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subaru timing belt

edited April 2012 in Repair and Maintenance
My 05 Subaru outback is at 91,000 miles and runs well. I want to keep it forever. I am about to have the timing belt replaced ($370). The dealer service adviser suggests that I also replace the "belt tensioner" for another $165. Have done timing belts on previous Subarus and never heard this. Is this indicated or dealer scam?


  • That's very common. When ever I replaced the timing belt on my Pathfinder(s) I replaced the tensioner ever other time.
  • Hmmmm...a dealer who quoted you $370 for a timing belt? That's too low, and I suspect that's to get it into their shop - not quite a bait & switch, but similar principle.

    Expect to spend more like $600-1000 by the time you're done. To the tensioner add a new water pump. If there's an idler pulley on that system add one of those too. Ask that the cam and crank seals are carefully inspected and replaced if there are any signs of issues.

    To replace a timing belt you have to tear down much of the front of the engine. Most of the cost is in labor. Conventional wisdom says that you replace most anything subject to typical wear and tear failure so that you're not paying for the same labor again in the near future.
  • I have an Acura MDX. For those, I know that some people replace the tensioner and some people just inspect it. I replaced mine.

    I note that your timing belt job is far cheaper than mine, though, so I guess you'd pay far less if the tensioner does fail in the next few years.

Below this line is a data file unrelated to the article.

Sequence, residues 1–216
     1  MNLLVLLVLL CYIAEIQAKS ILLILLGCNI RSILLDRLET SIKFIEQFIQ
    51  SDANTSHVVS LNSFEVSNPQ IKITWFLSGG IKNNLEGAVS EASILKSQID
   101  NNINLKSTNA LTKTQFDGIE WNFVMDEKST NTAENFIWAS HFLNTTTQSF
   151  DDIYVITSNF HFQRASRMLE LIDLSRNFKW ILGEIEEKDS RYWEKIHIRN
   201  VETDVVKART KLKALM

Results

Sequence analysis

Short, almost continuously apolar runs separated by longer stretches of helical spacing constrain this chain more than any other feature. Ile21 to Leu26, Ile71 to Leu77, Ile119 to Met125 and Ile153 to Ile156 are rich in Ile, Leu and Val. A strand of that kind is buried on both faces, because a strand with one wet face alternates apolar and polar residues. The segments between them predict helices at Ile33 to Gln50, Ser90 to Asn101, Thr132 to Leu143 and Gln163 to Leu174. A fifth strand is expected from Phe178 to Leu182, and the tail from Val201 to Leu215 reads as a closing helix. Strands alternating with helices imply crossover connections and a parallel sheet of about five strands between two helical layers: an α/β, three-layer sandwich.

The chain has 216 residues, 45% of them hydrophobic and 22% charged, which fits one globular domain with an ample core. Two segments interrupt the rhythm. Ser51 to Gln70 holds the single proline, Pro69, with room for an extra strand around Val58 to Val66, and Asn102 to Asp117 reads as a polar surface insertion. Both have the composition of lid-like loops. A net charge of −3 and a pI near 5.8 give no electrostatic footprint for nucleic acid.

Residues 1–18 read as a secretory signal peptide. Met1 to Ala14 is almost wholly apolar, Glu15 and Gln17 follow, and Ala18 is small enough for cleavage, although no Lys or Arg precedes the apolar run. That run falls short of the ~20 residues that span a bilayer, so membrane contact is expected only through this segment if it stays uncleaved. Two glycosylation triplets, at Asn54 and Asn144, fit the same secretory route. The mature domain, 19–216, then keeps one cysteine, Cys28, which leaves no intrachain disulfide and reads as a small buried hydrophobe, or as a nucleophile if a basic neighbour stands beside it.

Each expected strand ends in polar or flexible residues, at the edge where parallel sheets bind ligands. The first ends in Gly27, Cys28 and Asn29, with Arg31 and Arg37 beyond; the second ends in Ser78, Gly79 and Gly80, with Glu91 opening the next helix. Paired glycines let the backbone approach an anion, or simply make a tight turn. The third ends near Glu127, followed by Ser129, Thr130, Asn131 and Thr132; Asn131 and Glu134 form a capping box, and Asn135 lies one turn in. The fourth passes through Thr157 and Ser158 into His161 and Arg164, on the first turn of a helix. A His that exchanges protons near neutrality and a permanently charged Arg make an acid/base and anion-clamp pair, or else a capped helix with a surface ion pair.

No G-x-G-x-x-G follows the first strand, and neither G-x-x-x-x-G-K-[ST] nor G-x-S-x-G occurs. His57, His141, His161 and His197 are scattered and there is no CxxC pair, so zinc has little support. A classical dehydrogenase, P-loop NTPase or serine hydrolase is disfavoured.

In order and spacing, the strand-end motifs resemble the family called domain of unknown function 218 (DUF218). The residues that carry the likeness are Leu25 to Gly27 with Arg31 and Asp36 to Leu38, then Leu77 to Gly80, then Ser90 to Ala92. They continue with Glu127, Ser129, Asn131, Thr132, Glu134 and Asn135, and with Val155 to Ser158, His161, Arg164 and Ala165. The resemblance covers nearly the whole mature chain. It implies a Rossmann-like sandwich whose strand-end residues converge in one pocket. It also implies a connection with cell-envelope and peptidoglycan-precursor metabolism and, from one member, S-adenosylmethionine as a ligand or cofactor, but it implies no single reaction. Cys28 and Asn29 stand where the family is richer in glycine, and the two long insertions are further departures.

• The price is reasonable for timing belt replacement. Its pretty easy on Subaru. My mechanic charged me 2.5 hrs labor for timing belt/tensioner including those parts for $375. A Subie mechanic of 20yrs said most look pretty bad at 105k and suggested replacing.
  • The tensioners and water pump should always be replaced or you run the risk of major problems when one of those extras decides to go south.

    The fact that someone spins an idler or tensioner pulley by hand and it feels smooth as silk means nothing. With aged grease inside of the pulley bearings the pulley may feel fine at the time of the belt replacement and may disentegrate 5k miles later. The same thing goes for the water pump.
  • Thanks for the help.
  • I just had my 1998 Forester timing belt, tensioner, water pump, thermostat, seals & O-rings, and coolant replaced. At 95K miles. About $1000. By the way, the engine is supposed to be a "non'interference" type. My 1999 Forester engine stopped while running. Timing belt broke or slipped, and piston met valve. But the car was starting to fail in many other areas, so I gave it away as a parts car. The lesson is: DO NOT FAIL TO REPLACE TIMING BELTS ON SCHEDULE. 1998, 1999 Foresters are due at 105K miles.
  • There's another factor or two regarding belt replacement. They're also time critical, not just miles, and should also be replaced if there's a fluid leak (oil or coolant) inside of the belt case.
  • i have a 2007 forester with 95k miles. when is timing belt due to be changed?
  • It's due when the owner's manual says it's due.
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